Food shortage for New Zealand's godwits

10:23 am on 9 April 2018

Food sources for the bar-tailed godwit on its annual journey to Alaska have been depleted, but researchers have devised a plan to keep them fed.

Godwits travel 17,000km from the southern hemisphere to the north, and back every year.

Godwits travel 17,000km from the southern hemisphere to the north, and back every year. Photo: Wikimedia commons

After leaving New Zealand in March, thousands of godwits have made it to China's Yalu Jiang National Nature reserve.

However, after experiencing the coldest winter in almost half a century, clams at the mudflat have been dying off.

They're an important food source for the birds, but there's only around five percent of their usual abundance.

Associate Professor Phil Battley, from Massey University's Wildlife and Ecology Group, said godwits would spend 40 to 45 days at the spot after a 10,000 kilometre journey.

"Even that flight to Alaska is still a 5,000 kilometre flight, they have a three-and-a-half to four day flight they're preparing for, while also having to make sure they have enough energy for displaying and as a buffer in case they get there and there's still snow of the ground," he said.

He said if they did not get enough food, they might not have enough energy to breed either.

The godwits food sources have been continuing to decline over recent years, leaving their future unknown, he said.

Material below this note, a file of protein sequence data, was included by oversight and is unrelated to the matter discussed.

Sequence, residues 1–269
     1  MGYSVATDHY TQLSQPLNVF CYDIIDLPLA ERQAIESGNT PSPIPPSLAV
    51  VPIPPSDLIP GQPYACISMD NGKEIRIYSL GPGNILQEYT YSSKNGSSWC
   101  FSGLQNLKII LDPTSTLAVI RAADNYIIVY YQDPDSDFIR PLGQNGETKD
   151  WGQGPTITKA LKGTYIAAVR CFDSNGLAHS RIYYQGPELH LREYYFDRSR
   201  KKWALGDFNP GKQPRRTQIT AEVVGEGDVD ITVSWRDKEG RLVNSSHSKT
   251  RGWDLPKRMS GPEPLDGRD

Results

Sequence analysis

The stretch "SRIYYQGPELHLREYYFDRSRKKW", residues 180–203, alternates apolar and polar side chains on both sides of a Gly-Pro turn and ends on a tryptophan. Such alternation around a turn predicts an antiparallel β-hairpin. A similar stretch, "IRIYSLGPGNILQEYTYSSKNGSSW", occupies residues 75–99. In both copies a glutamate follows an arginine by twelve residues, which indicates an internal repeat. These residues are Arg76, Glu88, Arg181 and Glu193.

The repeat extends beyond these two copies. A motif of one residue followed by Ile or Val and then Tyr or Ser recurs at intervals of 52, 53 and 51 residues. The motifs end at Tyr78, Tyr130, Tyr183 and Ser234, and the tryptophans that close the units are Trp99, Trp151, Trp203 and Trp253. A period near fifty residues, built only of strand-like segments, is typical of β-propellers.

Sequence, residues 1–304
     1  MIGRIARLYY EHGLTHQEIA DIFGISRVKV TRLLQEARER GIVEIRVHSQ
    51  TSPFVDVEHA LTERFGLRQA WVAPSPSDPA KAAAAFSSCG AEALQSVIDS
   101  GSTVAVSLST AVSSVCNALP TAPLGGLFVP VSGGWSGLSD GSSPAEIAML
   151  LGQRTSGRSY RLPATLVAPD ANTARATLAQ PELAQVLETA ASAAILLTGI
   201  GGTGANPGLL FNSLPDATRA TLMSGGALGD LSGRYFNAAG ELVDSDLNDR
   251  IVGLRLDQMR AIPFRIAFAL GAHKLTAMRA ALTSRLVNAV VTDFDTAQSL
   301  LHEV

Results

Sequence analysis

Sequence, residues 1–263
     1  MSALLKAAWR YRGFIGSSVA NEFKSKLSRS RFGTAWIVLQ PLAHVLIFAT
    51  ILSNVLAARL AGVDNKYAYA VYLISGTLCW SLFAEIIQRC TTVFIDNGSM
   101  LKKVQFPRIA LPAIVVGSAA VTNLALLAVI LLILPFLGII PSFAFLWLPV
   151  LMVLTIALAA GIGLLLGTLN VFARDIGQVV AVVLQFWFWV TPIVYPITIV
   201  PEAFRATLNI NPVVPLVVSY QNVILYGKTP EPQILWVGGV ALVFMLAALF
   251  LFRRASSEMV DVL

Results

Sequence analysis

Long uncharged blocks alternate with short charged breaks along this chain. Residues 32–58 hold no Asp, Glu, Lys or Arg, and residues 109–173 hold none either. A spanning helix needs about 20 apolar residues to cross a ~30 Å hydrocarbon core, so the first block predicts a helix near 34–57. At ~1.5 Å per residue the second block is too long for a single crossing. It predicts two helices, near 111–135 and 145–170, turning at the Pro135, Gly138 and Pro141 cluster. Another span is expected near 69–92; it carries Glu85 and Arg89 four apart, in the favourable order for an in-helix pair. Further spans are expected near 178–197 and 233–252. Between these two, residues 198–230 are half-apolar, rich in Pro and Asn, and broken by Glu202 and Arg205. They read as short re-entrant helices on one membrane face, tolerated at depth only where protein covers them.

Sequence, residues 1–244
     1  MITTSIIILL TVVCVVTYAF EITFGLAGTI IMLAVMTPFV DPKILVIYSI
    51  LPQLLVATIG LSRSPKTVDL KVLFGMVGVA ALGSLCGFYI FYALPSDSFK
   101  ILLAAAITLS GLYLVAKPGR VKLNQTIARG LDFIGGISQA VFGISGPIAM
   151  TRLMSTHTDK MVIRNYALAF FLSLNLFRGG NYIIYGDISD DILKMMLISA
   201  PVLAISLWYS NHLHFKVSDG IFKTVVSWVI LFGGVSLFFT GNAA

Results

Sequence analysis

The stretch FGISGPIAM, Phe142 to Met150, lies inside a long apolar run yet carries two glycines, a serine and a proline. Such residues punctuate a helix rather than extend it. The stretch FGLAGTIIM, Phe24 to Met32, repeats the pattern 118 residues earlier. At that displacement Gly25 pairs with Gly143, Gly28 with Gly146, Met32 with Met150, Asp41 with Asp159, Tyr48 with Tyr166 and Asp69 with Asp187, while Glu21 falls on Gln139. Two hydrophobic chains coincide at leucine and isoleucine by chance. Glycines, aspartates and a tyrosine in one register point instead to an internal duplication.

"We don't really know whether these birds would simply just go somewhere else and try to find food somewhere else, or if they'll stick with what they know and try and deal with the situation because they are very habitual.

"An individual godwit will go back to exactly the same site on migration year after year, so that might be all they know," he said.

Giant bird feeder for godwits

Pūkorokoro Miranda Shorebird Centre's manager Keith Woodley said researchers at Fudan University wanted to create the world's biggest bird feeder for the godwits and soon to be arriving great knots.

"These people have come up with a plan to acquire a large stock of clams from agricultural farms further south in China, transfer them to the reserve and seed the mudflats over a period of time to provide a food source for these birds," he said.

Mr Woodley said this had never been tried before.

"It's groundbreaking stuff and it's also an air of desperation because it's a desperate situation, we know how important the site is, so it's certainly worth trying," he said.

They still need to raise hundreds of thousands of dollars to make it happen though, and the centre is acting as a referral site for donations.

However, with the godwits already at the mudflat and soon to be competing with Australia's endangered great knots for food, the clock is ticking.

Nelson ecologist and ornithologist David Melville is currently working in China and said so far they had about half of the total funds needed, but any further contributions would be much appreciated.

"We are needing to act fast - the seeding of the clams has to take place on the spring tide series in mid-April, or not at all," he said.